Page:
Supervalu responds to protest at shareholders meeting
Tuesday morning, a group of workers protested outside a shareholders meeting for Supervalu, the parent company of Cub Foods.
CTUL. Supervalu says the protesters have unfairly targeted Cub Foods.
It was the latest in what has become a long series of similar demonstrations, some held at Cub Foods stores. The protesters say workers who clean Cub Foods locations have been treated unfairly, and have seen a significant pay cut over the past few years.
But Mike Siemienas, spokesman for Supervalu, says the company has been unfairly targeted, and the "aggressive" protests have forced them to take legal action.
Siemienas notes that the employees who clean Cub Foods stores actually work for Carlson Building Maintenance, an independent contractor, and are not directly employed by Cub.
"With all of the protests, Carlson has not told us that they have received any complaints about the working conditions of our stores," he says.
He also questions how many of the people who have been protesting actually work in Cub Foods stores.
"They represent floor cleaners across the Twin Cities, is my understanding," says Siemienas of the protesters. "We're one of numerous retailers in the Twin Cities who use these floor cleaning companies."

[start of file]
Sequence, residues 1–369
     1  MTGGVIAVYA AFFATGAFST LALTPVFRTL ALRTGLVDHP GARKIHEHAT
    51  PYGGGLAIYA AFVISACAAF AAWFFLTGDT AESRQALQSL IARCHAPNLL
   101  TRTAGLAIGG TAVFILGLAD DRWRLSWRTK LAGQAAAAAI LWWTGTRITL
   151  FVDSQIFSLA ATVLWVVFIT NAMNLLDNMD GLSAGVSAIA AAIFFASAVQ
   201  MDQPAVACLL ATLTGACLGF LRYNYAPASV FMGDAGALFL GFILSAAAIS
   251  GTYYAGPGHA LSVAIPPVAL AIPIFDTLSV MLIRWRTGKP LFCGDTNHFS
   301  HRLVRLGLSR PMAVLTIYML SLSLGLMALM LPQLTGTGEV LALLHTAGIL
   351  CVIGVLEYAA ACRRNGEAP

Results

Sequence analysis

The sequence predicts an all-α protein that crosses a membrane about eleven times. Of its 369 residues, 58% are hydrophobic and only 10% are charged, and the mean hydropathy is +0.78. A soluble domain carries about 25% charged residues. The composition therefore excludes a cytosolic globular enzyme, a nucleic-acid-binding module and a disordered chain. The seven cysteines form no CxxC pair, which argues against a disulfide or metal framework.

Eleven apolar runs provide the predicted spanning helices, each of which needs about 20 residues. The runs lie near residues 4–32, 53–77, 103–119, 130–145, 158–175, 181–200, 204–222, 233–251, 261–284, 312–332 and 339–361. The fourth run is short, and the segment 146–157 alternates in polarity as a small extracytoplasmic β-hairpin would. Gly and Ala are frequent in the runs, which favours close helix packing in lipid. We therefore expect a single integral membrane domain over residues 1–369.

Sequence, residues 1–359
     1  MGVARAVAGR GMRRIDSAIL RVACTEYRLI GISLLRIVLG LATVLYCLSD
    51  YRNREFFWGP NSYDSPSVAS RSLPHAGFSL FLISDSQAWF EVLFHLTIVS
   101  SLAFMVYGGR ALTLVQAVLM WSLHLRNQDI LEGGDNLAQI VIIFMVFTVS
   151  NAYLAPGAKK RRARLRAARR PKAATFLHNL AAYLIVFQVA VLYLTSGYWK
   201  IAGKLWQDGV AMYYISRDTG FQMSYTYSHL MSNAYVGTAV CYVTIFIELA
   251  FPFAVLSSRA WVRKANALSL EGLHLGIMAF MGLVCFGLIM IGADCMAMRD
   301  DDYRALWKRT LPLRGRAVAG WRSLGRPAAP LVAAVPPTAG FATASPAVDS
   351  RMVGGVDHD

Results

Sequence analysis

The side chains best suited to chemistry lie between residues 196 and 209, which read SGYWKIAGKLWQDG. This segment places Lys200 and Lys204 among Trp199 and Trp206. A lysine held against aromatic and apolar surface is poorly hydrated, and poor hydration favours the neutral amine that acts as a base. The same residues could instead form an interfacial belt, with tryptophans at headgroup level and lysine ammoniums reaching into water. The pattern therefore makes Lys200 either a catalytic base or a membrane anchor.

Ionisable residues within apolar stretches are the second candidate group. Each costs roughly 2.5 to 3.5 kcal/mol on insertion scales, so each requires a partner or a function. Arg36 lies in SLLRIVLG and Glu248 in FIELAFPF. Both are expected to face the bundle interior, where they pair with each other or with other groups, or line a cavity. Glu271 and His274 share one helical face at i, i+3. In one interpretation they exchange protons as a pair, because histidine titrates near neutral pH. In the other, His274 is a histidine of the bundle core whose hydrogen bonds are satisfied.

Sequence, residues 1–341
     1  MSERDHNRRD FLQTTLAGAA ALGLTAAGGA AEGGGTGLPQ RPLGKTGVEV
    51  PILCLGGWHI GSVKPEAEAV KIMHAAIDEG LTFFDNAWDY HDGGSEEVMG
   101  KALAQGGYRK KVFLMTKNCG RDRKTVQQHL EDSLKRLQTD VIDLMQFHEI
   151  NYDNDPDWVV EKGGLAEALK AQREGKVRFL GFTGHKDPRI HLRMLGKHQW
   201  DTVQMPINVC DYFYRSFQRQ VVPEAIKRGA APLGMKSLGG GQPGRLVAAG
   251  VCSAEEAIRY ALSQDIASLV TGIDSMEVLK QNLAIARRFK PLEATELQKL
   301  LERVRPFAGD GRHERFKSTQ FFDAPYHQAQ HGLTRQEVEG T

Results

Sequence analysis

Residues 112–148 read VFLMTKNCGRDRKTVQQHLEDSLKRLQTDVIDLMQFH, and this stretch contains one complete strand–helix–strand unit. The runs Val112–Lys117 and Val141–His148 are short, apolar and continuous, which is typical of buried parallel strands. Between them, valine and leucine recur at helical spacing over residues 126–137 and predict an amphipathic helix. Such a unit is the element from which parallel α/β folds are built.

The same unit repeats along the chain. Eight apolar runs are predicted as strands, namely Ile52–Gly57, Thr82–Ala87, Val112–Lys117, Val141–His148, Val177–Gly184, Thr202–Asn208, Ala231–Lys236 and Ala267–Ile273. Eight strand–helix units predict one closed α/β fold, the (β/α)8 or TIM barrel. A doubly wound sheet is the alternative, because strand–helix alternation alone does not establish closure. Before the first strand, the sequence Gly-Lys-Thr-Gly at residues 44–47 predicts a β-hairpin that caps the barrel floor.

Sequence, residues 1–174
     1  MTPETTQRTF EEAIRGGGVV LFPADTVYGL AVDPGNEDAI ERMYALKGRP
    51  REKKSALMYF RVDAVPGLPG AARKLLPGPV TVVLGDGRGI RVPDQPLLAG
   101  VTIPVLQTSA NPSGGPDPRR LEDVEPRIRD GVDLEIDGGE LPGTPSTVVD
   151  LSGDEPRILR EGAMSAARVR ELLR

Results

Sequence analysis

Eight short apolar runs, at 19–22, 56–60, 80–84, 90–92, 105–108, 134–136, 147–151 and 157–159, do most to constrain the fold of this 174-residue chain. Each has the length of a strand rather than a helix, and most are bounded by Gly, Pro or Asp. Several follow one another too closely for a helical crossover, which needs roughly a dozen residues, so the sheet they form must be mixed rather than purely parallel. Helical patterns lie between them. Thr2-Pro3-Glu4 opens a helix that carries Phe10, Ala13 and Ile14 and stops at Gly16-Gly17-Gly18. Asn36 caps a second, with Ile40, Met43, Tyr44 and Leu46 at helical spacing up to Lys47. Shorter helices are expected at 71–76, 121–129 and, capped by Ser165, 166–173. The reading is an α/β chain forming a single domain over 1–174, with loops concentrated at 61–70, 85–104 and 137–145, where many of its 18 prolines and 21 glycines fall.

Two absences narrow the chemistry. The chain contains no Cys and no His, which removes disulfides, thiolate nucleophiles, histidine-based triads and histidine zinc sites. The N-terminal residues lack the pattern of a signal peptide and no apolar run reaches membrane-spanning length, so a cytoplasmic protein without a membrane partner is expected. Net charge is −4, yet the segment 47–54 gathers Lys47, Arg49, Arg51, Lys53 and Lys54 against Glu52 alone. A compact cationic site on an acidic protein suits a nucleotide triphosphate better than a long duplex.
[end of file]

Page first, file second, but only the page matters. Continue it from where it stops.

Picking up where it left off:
In reaction, Supervalu has filed a civil suit against the protesters and a temporary injunction that bars them from disrupting Cub Foods stores. "We had no choice but to file the lawsuit," says Siemienas.
When asked about the criticisms, Veronica Mendez, a leader in the protesting group, says quite a few of the demonstrators clean floors at Cub locations. Though she didn't have an exact number, she says more than 50 employees who work in Cub stores -- or have in the past --signed a recent petition put out by the protesters.
She also disputes the claim that the group has unfairly targeted Cub Foods, arguing that Supervalu chooses to contract with Carlson, and is still responsible.
"I think it's clear that they have a responsibility for this," she says. "They're a leader in the industry, and I think that they can be a leader in making sure that workers are working with dignified wages and working conditions."